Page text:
500 Tacos: Taqueria Villanueva

 
 
An Austin taco a day for 2015 — and then some
 
Taqueria Villanueva
12915 Dessau Road at the Dessau Minimart, Austin (map)
Hours: 7am-9pm Mon-Sat; 7am-3pm Sun
 
By Mike Sutter | © Fed Man Walking | 12.11.15
 
Even a taco wagon can build community if it’s in the right place, and the Dessau Minimart is the right place for Taqueria Villanueva, where customers during my time here not only ordered at the window, but came around to the van’s side door for a follow-up conversation. In a part of town where “restaurant density” isn’t even on the drawing board, a gas-station taco truck is more than just a convenience; it’s breakfast, lunch and dinner.
 
The taco: Barbacoa
If I had a complaint about barbacoa, it’s that sometimes it’s pulled and chopped so fine that it’s more like beef mush. Beef-cheek barbacoa at Villanueva is left in pieces a plus-size model would appreciate. Not only is it unashamed of its rubenesque layers of fat, it’s proud to show them off. The lean, meanwhile, draws enough of that fat to form a glaze on the grill. The result is big beef flavor without barbacoa’s sometimes gamey tapioca texture. ($2)
 
 
 Chorizo (uh-oh): Villanueva veers right into the harsh, greasy chorizo archetype. It overpowers both the eggs and potatoes in a hapless breakfast taco ($1.75) and the overcooked, salty beef in a campechanos taco of chorizo and bistec ($2).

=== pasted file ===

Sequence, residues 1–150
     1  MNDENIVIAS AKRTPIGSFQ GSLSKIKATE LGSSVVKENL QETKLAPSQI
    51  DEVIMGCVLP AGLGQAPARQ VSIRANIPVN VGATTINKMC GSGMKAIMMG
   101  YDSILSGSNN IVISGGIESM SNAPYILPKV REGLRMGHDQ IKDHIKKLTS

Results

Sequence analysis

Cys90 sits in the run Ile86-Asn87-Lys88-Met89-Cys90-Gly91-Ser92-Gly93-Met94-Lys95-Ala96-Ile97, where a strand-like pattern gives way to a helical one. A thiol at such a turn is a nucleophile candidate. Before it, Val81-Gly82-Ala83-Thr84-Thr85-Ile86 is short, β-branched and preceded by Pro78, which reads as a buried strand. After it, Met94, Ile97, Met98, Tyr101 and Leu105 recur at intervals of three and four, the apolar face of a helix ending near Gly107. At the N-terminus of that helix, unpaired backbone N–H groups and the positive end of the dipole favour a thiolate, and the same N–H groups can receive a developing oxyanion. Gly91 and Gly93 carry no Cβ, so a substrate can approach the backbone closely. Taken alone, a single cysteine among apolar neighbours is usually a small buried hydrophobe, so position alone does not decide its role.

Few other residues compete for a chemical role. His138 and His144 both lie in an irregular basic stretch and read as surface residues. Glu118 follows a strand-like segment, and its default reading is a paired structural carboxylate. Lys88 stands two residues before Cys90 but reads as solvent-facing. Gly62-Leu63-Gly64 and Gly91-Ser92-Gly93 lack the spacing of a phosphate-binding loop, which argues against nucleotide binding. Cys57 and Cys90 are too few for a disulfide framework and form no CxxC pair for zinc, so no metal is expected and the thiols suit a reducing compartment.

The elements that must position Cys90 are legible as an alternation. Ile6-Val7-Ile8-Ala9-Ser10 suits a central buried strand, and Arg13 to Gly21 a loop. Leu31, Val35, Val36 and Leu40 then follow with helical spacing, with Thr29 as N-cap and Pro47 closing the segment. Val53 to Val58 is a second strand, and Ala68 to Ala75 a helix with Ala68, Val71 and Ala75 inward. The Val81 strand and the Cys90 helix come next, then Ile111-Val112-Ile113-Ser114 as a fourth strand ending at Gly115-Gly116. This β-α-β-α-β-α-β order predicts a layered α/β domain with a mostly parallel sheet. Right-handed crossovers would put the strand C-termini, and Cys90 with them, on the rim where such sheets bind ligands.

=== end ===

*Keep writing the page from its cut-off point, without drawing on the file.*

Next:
Al pastor: Some misguided taco trailer menus have the words “fried pork” in parenthesis next to “al pastor.” Villanueva doesn’t, but it should, because that’s how crunchy it is. The oil and heat required to create that crunch suffocate any signs of life from the adobo spice. ($2)
 Breakfast tacos: The man at the window said breakfast usually stops around noon, but if he’s not too busy, he’ll make his $1.50 breakfast tacos later in the day, too. And not just a half-hearted egg and whatever, but tacos like freshly scrambled eggs with the pickled vinegar squeak of sliced cactus.
 Tortillas: The trailer makes its own corn tortillas, thick and strong in pull-apart layers, resilient enough to withstand even that greasy chorizo without doubling up.
 Salsa: A thick chile de arbol red sauce is four-alarm hot right out of the bottle. The slow-building heat of a smooth jalapeño puree is practically soft-serve verde by contrast.
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The 500 Tacos Project
 
 
(Photos by Mike Sutter © Fed Man Walking)